August 22 2014

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The Rundown On The Runaways


The Kristen Stewart-as-Joan Jett transformation for The Runaways has been talked about for months (even longer, it seems, than the are-they-or-aren’t-they rumors around her affair with her Twilight co-star Rob Pattinson), but it’s finally time for the big reveal. The film had its premiere in L.A. last night, and come March 17, New Yorkers will have their chance to see the scowling attitude, spiky mullet, and smoky eyes on the big screen. Jett’s all-girl group broke boundaries not only in music, but also in makeup. We went behind the scenes with lead makeup artist Robin Matthews to discover the power of primer and why the sweatier things got on set, the better.

You worked with Kristen Stewart on New Moon to re-create a character who exists in the pages of a book. For The Runaways, the characters—Joan Jett, Cherie Currie—actually exist in real life. Did that make things easier or more difficult?

Well, it was definitely unique—getting to re-create these iconic women and have them right there on set. The film illustrates this fun, decadent, and extravagant time period. Men and women would dress up in glam and androgynous looks. The challenges were making sure that it wasn’t a modern-day take on The Runaways, or a glossed-over Hollywood version. We wanted a true, gritty, realistic portrayal of these girls’ lives.

How did you do your research?

We had more than 5,000 photos of the band and concert footage to work with. And we had Joan and Cherie. We were able to ask them why they created certain looks. A lot of the inspiration came from the time period and the colors around them. They wanted to experiment with the bright pastels and then the heavy, disco-glittery blacks and navy blues. The band’s look was all about the eyes—not the lips or anything else. I think it was easier for them to just do their eyes and get up on stage. It was a matter of convenience as much as fun.

So making things painstakingly perfect was not the point, right?

Exactly, the style was rock ‘n’ roll, not uniform. You went at it with abandon and had fun. Joan and Cherie both did smoky eyes, but they had different takes on it. Joan honed in on the Ramones punk rock style with layers of heavy, smudged black liner and dark shadow. I used a lot of Aqua Eyes 0L [black] liner from Make Up For Ever. Cherie took her influence from David Bowie’s glam rock and played with copper and bright blue shadows and liners. What’s interesting is that we’re starting to see all these modern-day versions of the smoky eye with blues, greens, and purples—not just black and brown. Cherie was on the forefront of all that.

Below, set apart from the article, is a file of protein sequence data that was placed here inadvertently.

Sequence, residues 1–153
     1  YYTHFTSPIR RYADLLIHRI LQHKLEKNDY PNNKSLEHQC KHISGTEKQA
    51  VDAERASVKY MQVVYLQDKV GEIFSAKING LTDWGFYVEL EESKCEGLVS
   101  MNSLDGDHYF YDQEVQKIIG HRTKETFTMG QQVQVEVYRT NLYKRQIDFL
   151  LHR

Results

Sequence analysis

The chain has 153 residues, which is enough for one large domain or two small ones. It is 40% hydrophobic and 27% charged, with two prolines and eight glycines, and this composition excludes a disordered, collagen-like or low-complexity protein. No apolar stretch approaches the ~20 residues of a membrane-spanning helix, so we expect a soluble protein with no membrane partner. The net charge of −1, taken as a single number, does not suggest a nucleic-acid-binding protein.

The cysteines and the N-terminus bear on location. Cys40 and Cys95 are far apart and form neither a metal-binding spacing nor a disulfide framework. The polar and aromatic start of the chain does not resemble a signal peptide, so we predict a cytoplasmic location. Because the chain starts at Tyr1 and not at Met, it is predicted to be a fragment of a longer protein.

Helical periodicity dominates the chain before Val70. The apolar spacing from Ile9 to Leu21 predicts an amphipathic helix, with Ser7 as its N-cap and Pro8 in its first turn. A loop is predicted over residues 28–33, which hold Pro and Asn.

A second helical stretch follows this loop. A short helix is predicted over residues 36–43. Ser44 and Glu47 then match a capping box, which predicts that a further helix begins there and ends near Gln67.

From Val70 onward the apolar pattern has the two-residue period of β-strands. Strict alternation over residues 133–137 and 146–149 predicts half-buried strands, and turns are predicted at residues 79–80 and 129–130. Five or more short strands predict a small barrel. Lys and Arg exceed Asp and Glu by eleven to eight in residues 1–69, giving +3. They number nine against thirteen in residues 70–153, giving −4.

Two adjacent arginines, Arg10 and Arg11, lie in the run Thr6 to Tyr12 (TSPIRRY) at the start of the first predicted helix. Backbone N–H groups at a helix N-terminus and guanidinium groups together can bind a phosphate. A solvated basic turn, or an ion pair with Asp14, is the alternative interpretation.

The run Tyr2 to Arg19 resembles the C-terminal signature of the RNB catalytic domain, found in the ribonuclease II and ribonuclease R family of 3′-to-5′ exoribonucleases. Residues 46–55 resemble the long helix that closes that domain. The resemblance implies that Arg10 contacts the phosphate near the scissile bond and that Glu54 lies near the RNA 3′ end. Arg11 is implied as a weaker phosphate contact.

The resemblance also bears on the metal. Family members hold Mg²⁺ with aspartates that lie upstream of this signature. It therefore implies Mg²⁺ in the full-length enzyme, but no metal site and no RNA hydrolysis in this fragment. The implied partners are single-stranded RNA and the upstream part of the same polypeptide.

Still, most of us would cringe if we thought back to makeup we wore decades ago. Did Joan and Cherie have that reaction?

I know I would. [Laughs.] But no, they seemed pretty OK with re-creating everything exactly. And you have to remember that Joan is such an icon. She still wears the same smoky eye from 20 years ago—and looks amazing. I would look like an idiot, but she did it right.

The film’s stars performed on stage under the bright lights for hours. Did you rely on any sweat-proof secrets?

We wanted it be realistic, so if makeup was dripping down their faces, we showed that! But I like to use an eye makeup primer to prevent liner and shadow from smudging. Laura Mercier makes a great one called Eye Basics. It’s also important to use a primer under foundation. Proactiv’s Sheer Finish Mattifying Gel primer is actually wonderful for oily skin. I seal everything with translucent powder applied with a pouf—not a brush—since it helps the powder stay put longer. For touch-ups, blot your face with an oil-absorbing tissue. Don’t pack on more powder or it will turn cakey. Oh, and I love Laura Mercier Secret Brightening Powder dusted under the eyes to seal concealer and prevent it from settling into creases. It has a reflective quality so it gives smoky eyes a little something extra.

And the rest of the face—just keep it naked?

If you look through the photographs, you see Joan and Cherie wearing full makeup only in the early years—stripy blush, smoky eyes, and bright lips all together. But as the film progresses, you see them coming into their own style, and they dropped everything but the eyes. The lips were bare, or they wore those roll-on peach and strawberry-flavored clear glosses, that’s it.

So what’s up next for you?

I’m working with Kristen again on a film called Welcome to the Rileys. It’s another really great art piece film, in which she plays a street prostitute.

Can we expect to see some more smoky eyes?

Yes. [Laughs.] But smoky eyes of a different kind…


Photo: Courtesy of Apparition

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